The most South Aussie story ever told
The most South Aussie story ever told

19 July 2024, 2:48 AM

Victor Harbor’s Victa Cinema is set to host a one-night-only screening of Pete Williams' feature film, Emotion is Dead, on Wednesday 24 July, at 7pm. The event will feature a live introduction by the writer/director, followed by an engaging Q&A session.Emotion is Dead has been acclaimed as, "the most South Aussie story ever told." This gripping story revolves around the closure of the Holden Elizabeth Plant, Australia's last auto factory. The film follows the journey of Brock (Jude Turner), a teenage skateboarder who devises a unique money-making scheme in the wake of a personal tragedy linked to the plant’s closure. Brock's desperate venture involves petty crimes, and only his Peter-Brock-obsessed mother, Shazza (Gabby Llewelyn), and his emo ex-girlfriend, Kylie (Tatiana Goode), stand between him and a harrowing fate.Emotion is Dead delves into themes of a mother’s unconditional love, the chasm between wealth and morality, and the precarious employment landscape for youth amidst de-industrialisation.Following a successful debut at the Adelaide Film Festival, Pete Williams is excited to bring his film to cinemas across Australia, starting with special event screenings in Adelaide and regional South Australia."I wanted Emotion is Dead to be a love letter to Adelaide and its northern suburbs. The closure of the Elizabeth Holden Factory felt like a death in the family and became the catalyst for my screenplay," Pete says. "The story evolved to incorporate my own experiences, where skateboarding, punk rock, and petty crimes were integral parts of our lives."Williams drew inspiration from his meetings with friends, family, Holden retirees, and academics affected by the factory’s closure, amalgamating their stories into a single protagonist that captures the pain, helplessness, and confusion of the Elizabeth community.Emerging filmmakers from South Australia’s leading film schools contributed to the production, which spanned over two years and involved more than 100 local crew members and actors. Iconic South Australian locations, such as the Big Rocking Horse at Gumeracha and the old Holden Elizabeth Plant, add authenticity to the film.The Emotion is Dead Aussie Indie Cinema Tour will showcase the film in over 30 cinemas across Australia from July to October, with 15 special event screenings in metro Adelaide and regional South Australia, each featuring a post-screening cast and crew Q&A.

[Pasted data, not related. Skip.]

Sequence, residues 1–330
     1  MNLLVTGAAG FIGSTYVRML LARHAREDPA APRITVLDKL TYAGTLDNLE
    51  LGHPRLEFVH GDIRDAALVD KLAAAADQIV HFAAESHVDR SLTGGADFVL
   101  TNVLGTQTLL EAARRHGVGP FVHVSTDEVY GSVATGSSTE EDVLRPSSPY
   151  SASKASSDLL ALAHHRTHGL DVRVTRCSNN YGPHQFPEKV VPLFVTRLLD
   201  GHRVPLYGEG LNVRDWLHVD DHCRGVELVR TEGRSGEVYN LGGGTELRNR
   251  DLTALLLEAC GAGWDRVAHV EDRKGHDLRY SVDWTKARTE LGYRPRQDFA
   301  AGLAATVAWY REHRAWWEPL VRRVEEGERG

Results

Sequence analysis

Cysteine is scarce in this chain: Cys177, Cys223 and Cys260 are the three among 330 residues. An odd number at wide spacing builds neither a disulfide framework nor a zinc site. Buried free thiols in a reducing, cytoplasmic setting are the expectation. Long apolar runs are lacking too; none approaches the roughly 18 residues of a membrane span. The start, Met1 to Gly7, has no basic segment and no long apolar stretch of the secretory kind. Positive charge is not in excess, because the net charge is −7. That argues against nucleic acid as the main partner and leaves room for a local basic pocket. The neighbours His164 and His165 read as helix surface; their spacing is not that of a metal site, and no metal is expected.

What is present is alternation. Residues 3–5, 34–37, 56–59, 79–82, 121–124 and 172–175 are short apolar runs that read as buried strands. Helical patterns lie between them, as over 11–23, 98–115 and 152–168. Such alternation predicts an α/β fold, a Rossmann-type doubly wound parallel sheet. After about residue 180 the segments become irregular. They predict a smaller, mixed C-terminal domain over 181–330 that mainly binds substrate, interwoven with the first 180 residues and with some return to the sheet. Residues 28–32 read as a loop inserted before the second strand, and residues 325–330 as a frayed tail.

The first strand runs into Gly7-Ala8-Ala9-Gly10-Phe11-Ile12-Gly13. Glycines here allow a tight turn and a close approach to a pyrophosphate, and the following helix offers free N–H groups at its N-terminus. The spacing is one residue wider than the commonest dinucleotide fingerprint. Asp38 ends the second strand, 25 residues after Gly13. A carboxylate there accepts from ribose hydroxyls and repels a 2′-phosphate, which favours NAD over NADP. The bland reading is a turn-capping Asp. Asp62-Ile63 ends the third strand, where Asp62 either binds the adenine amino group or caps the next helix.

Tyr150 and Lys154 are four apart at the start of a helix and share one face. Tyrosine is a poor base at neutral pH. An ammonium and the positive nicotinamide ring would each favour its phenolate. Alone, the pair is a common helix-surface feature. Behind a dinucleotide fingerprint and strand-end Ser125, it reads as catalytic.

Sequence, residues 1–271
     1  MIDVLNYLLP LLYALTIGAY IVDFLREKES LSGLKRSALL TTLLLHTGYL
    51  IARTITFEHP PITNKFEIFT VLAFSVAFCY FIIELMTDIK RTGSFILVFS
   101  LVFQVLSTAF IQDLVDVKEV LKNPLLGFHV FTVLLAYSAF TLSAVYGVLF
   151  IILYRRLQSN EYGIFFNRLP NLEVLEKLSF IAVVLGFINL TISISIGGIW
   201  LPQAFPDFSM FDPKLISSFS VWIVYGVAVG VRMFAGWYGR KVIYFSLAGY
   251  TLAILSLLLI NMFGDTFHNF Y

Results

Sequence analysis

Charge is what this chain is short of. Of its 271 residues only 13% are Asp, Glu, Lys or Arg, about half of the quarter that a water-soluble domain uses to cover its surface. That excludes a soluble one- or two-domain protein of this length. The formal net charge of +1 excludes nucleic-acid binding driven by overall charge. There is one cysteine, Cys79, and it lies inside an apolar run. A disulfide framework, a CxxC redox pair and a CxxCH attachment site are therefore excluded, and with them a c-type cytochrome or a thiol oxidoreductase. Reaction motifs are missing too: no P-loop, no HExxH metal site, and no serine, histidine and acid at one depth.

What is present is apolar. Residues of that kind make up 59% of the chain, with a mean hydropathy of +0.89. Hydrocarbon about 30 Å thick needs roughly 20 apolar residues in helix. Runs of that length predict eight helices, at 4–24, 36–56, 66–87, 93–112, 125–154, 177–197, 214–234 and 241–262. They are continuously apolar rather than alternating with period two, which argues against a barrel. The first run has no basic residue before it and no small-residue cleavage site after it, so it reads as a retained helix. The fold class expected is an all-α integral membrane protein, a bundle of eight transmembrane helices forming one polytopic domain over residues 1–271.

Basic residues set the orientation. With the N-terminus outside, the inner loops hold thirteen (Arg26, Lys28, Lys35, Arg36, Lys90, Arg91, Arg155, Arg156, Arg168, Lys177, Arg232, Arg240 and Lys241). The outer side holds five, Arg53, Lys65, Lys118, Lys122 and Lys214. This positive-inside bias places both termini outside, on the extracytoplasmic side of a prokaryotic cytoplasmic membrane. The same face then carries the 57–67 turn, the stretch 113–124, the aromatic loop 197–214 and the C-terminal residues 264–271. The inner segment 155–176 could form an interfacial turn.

Weather Warnings for the Fleurieu & KI
Weather Warnings for the Fleurieu & KI

18 July 2024, 6:04 AM

Sheep Graziers AlertAttention all sheep graziers in the region! The Bureau of Meteorology has issued a warning for Friday, indicating that cold temperatures, showers, and strong northwesterly winds are expected. This weather is likely to affect the Mount Lofty Ranges, Lower Eyre Peninsula, Yorke Peninsula, Kangaroo Island, Mid North, Upper South East, and Lower South East forecast districts. Parts of the Eastern Eyre Peninsula, Flinders, and Murraylands forecast districts may also experience these harsh conditions.For our community on the Fleurieu Peninsula and Kangaroo Island, this means a heightened risk of losses for lambs and sheep exposed to the elements. Please take necessary precautions to protect your livestock from the severe weather expected.Severe Weather Warning for Damaging WindsIssued at 10:34 am on Thursday, 18 July 2024, the Bureau of Meteorology has also released a Severe Weather Warning for damaging winds. This affects people in the Mount Lofty Ranges, Kangaroo Island, and parts of the West Coast, Lower Eyre Peninsula, Yorke Peninsula, and Murraylands districts.Weather Situation: Strengthening northwesterly winds ahead of an approaching cold front are anticipated to bring damaging wind gusts starting Friday morning. Following the cold front, a vigorous southwesterly flow will impact parts of the coastal fringe, continuing through to Saturday morning.Mount Lofty Ranges: Expect strong winds averaging 50 to 60 km/h, with damaging gusts around 90 km/h from early Friday morning.Coastline: Damaging winds averaging 60 to 70 km/h, with gusts around 100 km/h, are possible from Friday afternoon. These conditions will begin on the coastal fringe of the West Coast, extending eastward throughout the day and into the southeast by Saturday morning. Locations that may be affected include Port Lincoln, Ceduna, Kingscote, Elliston, Fowlers Bay, Streaky Bay, and Warooka.Safety Advice:Move vehicles under cover or away from trees.Secure or put away loose items around your property.Stay indoors and away from windows while conditions are severe.Please stay safe and take all necessary precautions as these weather events unfold. Stay tuned to the Fleurieu App for further updates and information.South Australian Weather Warnings Information